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WSAVA Endorses Position Paper Promoting Healthy Breeding
The position paper highlights the risk of excessive breeding in dogs and sets out a clear strategy to tackle this important health and welfare issue.
It is well known among veterinary professionals that selective breeding has a negative effect on the health and welfare of dogs. Now the warning has been reiterated in a position paper released in June by the Federation of Veterinarians of Europe (FVE) and the Federation of European Companion Animal Veterinary Associations (FECAVA).
In a show of support, the World Small Animal Veterinary Association (WSAVA) has endorsed this position paper, echoing the warning to animal breeders everywhere.
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“Extreme breeding is a global concern with our members seeing the results of brachycephalic conformation in practice on a regular basis,” said WSAVA President Walt Ingwersen, DVM, DVSc, DACVIM. “The suffering it causes is beyond dispute.”
The paper was launched in response to the increasing popularity of dog breeds with exaggerated traits, especially brachycephalic breeds such as French and English bulldogs and pugs, which can suffer severe health and welfare issues as a result of unhealthy breeding habits.
Highlighting concerns about the impact of extreme breeding in dogs, the paper points to 2 fields that need to be targeted to improve the current situation—the demand and the supply—and recommends a few ways to tackle both.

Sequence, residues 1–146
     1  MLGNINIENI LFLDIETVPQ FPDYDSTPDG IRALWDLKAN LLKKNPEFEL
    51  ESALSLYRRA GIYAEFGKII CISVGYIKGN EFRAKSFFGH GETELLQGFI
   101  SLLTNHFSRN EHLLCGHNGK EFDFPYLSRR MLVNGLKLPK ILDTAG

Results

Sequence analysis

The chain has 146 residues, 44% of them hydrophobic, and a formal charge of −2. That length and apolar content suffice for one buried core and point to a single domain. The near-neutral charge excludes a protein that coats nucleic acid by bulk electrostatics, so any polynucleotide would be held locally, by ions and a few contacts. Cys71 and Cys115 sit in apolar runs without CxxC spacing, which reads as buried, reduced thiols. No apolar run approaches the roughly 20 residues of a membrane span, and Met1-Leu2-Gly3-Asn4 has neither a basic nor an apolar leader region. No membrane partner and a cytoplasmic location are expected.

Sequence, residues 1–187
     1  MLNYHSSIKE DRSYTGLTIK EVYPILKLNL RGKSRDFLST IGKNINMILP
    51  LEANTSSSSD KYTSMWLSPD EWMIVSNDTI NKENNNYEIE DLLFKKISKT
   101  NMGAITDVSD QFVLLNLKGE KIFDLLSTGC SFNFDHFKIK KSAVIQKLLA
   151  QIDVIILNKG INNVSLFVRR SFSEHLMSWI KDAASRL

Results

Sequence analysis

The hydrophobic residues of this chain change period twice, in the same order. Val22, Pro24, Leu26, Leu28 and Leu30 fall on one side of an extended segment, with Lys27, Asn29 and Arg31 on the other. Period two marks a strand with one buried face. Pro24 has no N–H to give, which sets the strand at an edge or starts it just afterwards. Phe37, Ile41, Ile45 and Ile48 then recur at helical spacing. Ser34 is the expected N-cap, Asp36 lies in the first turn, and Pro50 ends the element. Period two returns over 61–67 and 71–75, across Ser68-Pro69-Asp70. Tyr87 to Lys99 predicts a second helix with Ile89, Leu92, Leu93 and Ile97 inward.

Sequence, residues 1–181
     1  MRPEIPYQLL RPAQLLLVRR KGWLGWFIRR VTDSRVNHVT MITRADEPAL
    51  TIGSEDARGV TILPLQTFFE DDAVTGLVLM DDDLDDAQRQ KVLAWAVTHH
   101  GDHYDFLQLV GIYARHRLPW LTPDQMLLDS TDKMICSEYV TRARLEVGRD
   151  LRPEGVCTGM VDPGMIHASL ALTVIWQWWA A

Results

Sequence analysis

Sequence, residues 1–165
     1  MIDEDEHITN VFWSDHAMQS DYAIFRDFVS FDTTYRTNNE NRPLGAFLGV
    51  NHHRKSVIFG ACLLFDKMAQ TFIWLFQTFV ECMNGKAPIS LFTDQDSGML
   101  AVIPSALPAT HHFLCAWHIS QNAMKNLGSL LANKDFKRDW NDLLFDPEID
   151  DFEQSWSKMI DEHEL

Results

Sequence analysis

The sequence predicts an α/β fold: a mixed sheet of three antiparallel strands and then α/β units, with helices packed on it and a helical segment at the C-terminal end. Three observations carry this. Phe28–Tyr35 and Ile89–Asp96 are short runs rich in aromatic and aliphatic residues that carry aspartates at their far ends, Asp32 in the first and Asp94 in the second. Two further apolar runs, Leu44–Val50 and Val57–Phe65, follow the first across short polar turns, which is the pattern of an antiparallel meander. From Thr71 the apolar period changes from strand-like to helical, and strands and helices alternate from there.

- Raising awareness and educating the public about certain dog breeds that will likely suffer severe health and welfare issues
- Forming campaigns and relationships with media and celebrities to showcase the risks of excessive breeding
- Revising breeding standards and not leaving these standards open to interpretation
- Mandating the registration of all breeders
- Requiring data sharing on conformation-altering surgeries and caesarean sections for dogs
- Creating pre-breeding screening programs for dogs
- Educating breeders and raising awareness of best breeding practices
“Lasting change requires commitment and collaboration between veterinarians, breeder associations, and other stakeholders on a global basis,” Dr. Ingwersen said. “We are ready to play our part and look forward to working with our colleagues in the FVE and FECAVA and our member associations to deliver on the recommendations made in the position paper.”